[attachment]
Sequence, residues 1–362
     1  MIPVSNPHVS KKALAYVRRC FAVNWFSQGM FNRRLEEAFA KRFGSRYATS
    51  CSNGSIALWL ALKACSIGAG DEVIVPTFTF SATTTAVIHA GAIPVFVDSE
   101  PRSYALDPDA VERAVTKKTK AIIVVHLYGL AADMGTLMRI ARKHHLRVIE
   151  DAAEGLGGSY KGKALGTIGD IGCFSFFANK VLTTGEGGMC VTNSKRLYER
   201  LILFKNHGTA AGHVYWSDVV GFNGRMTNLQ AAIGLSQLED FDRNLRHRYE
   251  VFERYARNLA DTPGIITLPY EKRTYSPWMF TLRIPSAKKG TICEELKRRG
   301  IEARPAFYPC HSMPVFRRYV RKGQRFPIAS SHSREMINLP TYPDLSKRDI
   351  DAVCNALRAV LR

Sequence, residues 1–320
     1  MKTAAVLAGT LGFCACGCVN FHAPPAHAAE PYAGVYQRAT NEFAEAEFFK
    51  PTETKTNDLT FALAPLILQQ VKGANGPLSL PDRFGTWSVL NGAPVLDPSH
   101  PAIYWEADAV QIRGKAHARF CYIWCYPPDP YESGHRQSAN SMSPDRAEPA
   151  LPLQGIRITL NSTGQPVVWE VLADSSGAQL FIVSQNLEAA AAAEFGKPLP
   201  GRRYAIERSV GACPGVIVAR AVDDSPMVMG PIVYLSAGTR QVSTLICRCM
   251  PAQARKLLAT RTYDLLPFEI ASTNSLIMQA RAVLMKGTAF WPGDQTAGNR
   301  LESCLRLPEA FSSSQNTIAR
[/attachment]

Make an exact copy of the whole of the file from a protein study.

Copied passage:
Sequence, residues 1–362
     1  MIPVSNPHVS KKALAYVRRC FAVNWFSQGM FNRRLEEAFA KRFGSRYATS
    51  CSNGSIALWL ALKACSIGAG DEVIVPTFTF SATTTAVIHA GAIPVFVDSE
   101  PRSYALDPDA VERAVTKKTK AIIVVHLYGL AADMGTLMRI ARKHHLRVIE
   151  DAAEGLGGSY KGKALGTIGD IGCFSFFANK VLTTGEGGMC VTNSKRLYER
   201  LILFKNHGTA AGHVYWSDVV GFNGRMTNLQ AAIGLSQLED FDRNLRHRYE
   251  VFERYARNLA DTPGIITLPY EKRTYSPWMF TLRIPSAKKG TICEELKRRG
   301  IEARPAFYPC HSMPVFRRYV RKGQRFPIAS SHSREMINLP TYPDLSKRDI
   351  DAVCNALRAV LR

Sequence, residues 1–320
     1  MKTAAVLAGT LGFCACGCVN FHAPPAHAAE PYAGVYQRAT NEFAEAEFFK
    51  PTETKTNDLT FALAPLILQQ VKGANGPLSL PDRFGTWSVL NGAPVLDPSH
   101  PAIYWEADAV QIRGKAHARF CYIWCYPPDP YESGHRQSAN SMSPDRAEPA
   151  LPLQGIRITL NSTGQPVVWE VLADSSGAQL FIVSQNLEAA AAAEFGKPLP
   201  GRRYAIERSV GACPGVIVAR AVDDSPMVMG PIVYLSAGTR QVSTLICRCM
   251  PAQARKLLAT RTYDLLPFEI ASTNSLIMQA RAVLMKGTAF WPGDQTAGNR
   301  LESCLRLPEA FSSSQNTIAR